An average adult U.S. male eats about 2.7 kg (5.9 pounds) of food per day. Less than 1000 calories, which usually result in weight loss, are contained in 2.7 kg of broccoli but over 10,800 calories, which must result in weight gain, are contained in 2.7 kg of soybeans. An average U.S. female eats about 1.8 kg (4 pounds) of food each day. Only 600 calories, too few to maintain weight, are contained in 1.8 kg of broccoli but 7200 calories – too many, leading to weight gain – are contained in 1.8 kg of soybeans.
We must combine lean foods and concentrated foods in such a way that we maintain normal body weight between the extremes of anorexia and obesity. When we gain weight, we must eat more lean foods like salads, green leafy and flower vegetables, and root vegetables like carrots and beets. Fiber added to foods also cuts down calories. Also, eating our main meal early in the day helps to ensure that calories are used for activity instead of being stored as fat, because we are physically inactive late in the evening and at night.
Eating a main meal late in the day may help put on extra pounds of fat, but only strenuous exercise will build a more muscular and more attractive body. Since EFAs increase our metabolic rate, they are preferable to saturated fats that slow down metabolic rate, deposit more fat, and make us feel lazy and lethargic (unenergetic). A balanced supplement of vitamins and minerals can also help increase metabolism and vitality.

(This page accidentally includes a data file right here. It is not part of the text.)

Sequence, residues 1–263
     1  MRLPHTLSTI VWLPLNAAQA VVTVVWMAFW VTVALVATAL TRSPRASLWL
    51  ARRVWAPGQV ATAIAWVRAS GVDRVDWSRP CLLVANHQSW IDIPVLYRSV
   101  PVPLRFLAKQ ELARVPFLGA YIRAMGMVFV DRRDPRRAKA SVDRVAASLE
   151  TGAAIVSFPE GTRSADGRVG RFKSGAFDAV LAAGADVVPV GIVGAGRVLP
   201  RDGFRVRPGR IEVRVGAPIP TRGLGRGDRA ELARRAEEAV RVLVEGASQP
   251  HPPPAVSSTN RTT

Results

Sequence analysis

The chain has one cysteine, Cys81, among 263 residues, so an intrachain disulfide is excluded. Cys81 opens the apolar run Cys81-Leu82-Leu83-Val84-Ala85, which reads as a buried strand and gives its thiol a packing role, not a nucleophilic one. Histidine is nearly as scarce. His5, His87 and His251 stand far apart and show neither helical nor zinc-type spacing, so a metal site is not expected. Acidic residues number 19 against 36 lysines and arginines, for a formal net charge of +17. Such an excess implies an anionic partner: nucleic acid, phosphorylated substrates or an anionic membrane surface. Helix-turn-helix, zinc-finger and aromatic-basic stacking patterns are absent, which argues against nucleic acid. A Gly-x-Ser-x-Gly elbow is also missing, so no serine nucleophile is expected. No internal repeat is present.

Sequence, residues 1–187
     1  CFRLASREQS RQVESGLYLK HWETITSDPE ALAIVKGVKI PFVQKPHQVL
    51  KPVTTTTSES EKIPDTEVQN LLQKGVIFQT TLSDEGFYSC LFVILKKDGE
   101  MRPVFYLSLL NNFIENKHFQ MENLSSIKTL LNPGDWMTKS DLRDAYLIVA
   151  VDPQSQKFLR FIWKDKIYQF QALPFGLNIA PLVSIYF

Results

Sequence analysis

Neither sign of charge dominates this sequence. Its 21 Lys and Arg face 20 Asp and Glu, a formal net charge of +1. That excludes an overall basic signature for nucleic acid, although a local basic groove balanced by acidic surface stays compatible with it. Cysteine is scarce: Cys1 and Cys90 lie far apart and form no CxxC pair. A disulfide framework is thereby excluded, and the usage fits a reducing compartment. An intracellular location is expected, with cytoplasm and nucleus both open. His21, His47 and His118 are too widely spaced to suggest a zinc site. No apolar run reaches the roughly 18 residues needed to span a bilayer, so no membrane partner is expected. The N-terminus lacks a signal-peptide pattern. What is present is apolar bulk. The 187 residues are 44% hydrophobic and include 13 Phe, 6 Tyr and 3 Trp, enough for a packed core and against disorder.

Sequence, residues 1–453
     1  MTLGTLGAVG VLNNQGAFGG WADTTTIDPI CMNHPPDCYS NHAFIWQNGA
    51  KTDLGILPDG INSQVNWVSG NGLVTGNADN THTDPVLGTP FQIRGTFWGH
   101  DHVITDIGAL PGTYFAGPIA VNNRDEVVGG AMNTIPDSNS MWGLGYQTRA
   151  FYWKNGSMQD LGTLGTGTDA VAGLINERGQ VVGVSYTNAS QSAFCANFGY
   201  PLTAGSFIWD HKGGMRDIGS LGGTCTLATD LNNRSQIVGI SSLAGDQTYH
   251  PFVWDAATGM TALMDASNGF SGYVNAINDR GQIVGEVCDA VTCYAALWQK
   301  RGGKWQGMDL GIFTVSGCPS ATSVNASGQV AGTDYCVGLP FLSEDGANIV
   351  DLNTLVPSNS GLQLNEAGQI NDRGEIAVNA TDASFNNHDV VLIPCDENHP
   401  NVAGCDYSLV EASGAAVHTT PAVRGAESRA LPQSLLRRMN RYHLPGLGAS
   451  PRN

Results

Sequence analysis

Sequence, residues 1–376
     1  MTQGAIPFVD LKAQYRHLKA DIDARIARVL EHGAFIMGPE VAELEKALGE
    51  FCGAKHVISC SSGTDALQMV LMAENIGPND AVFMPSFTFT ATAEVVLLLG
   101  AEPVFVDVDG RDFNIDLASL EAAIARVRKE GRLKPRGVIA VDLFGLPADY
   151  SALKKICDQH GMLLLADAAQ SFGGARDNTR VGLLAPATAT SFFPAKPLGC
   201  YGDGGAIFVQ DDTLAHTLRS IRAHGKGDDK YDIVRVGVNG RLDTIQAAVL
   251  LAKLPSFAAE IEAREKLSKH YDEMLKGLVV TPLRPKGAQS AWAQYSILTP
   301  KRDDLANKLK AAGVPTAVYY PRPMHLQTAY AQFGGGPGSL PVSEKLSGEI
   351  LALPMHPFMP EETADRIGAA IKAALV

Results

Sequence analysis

Activity burns off calories, speeds up metabolic rate, and invigorates. It is easier to be active if we feel like it, but this should be easy if our foods are nutrient-rich and balanced. Diet and activity go hand in hand, building each other. Active people eat better. Good eating gives us energy to act.
Overweight is associated with every kind of degenerative disease. Too little body fat also makes us prone to disease, because our reserves run out sooner in times of stress. The middle road leads to health.